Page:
hydrocodone (Zohydro ER)
Omudhome Ogbru, PharmD
Omudhome Ogbru, PharmD
Dr. Ogbru received his Doctorate in Pharmacy from the University of the Pacific School of Pharmacy in 1995. He completed a Pharmacy Practice Residency at the University of Arizona/University Medical Center in 1996. He was a Professor of Pharmacy Practice and a Regional Clerkship Coordinator for the University of the Pacific School of Pharmacy from 1996-99.
Medical and Pharmacy Editor:
GENERIC NAME: hydrocodone
BRAND NAMES: Zohydro ER
DRUG CLASS AND MECHANISM: Hydrocodone is an opioid narcotic pain-reliever similar to oxycodone, morphine, methadone, fentanyl, and other opioids. Hydrocodone, like other opioids, stimulates receptors on nerves in the brain to increase the threshold to pain (the amount of stimulation it takes to feel pain) and reduce the perception of pain (the perceived importance of the pain). Unlike other hydrocodone products such as Vicodin which contain acetaminophen, Zohydro ER contains only hydrocodone. The FDA approved Zohydro in October 2013.
GENERIC AVAILABLE: No
PREPARATIONS: Capsules (Extended Release): 10, 15, 20, 30, 40, and 50 mg
STORAGE: Hydrocodone should be stored at room temperature, between 15 C to 30 C (59 F to 86 F).
PRESCRIBED FOR: Hydrocodone is prescribed for the treatment of pain severe enough to require daily, around-the-clock, long-term opioid treatment and for which alternative treatment options are inadequate.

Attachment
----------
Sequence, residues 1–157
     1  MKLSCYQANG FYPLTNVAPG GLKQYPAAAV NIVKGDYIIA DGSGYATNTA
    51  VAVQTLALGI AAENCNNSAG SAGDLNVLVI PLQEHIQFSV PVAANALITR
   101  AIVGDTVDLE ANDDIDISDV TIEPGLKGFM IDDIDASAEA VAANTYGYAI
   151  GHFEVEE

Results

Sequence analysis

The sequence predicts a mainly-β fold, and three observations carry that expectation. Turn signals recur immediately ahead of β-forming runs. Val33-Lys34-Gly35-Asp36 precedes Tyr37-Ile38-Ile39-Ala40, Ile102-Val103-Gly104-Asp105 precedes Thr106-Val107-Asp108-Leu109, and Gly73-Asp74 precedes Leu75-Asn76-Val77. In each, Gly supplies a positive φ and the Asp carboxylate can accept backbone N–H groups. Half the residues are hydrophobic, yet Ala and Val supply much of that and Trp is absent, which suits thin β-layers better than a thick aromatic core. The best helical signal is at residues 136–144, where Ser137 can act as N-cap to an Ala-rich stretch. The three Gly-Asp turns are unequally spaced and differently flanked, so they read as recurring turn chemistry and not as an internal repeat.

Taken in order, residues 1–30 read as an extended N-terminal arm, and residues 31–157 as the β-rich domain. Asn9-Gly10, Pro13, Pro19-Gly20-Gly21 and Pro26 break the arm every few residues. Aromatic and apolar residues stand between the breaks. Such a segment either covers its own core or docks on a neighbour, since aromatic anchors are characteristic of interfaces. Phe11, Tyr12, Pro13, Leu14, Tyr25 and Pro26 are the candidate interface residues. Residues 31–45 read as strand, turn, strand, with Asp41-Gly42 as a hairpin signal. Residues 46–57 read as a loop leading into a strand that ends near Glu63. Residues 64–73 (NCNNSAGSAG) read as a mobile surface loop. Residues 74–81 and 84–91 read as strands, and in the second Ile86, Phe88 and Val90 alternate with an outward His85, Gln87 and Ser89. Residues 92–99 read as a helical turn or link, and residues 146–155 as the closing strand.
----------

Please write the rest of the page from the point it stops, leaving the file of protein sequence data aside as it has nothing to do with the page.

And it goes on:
DOSING: The initial dose for adults is 10 mg orally every 12 hours. The dose may be increased every 3 to 7 days by 10 mg every 12 hours as needed to control pain. Capsules must be swallowed whole and not chewed.
DRUG INTERACTIONS: Combining alcohol and other sedatives with hydrocodone can lead to increased sedation and even cause confusion. Hydrocodone should not be taken with any of the monoamine oxidase inhibitor (MAOI) class of antidepressants, for example, isocarboxazid (Marplan), phenelzine (Nardil), tranylcypromine (Parnate), selegiline (Eldepryl), and procarbazine (Matulane) or other drugs that inhibit monoamine oxidase, for example, linezolid (Zyvox). Such combinations may lead to confusion, high blood pressure, tremor, hyperactivity, coma, and death.
Hydrocodone should not be administered within 14 days of stopping an MAOI.
PREGNANCY: There are no adequate studies of hydrocodone in pregnant women.
NURSING MOTHERS: Hydrocodone is excreted in breast milk, and, therefore should be used cautiously by nursing mothers.
SIDE EFFECTS: The most frequent adverse reactions include lightheadedness, dizziness, sedation, nausea, and vomiting. Other side effects include drowsiness, constipation, and spasm of the ureter, which can lead to difficulty in urinating. Hydrocodone can impair thinking and the physical abilities required for driving or operating machinery. Hydrocodone can depress breathing, and should be used with caution in elderly, debilitated patients, and in patients with serious lung disease. Hydrocodone is habit forming. Mental and physical dependence can occur when used long-term.
REFERENCE: FDA Prescribing Information.
Last Editorial Review: 4/17/2014
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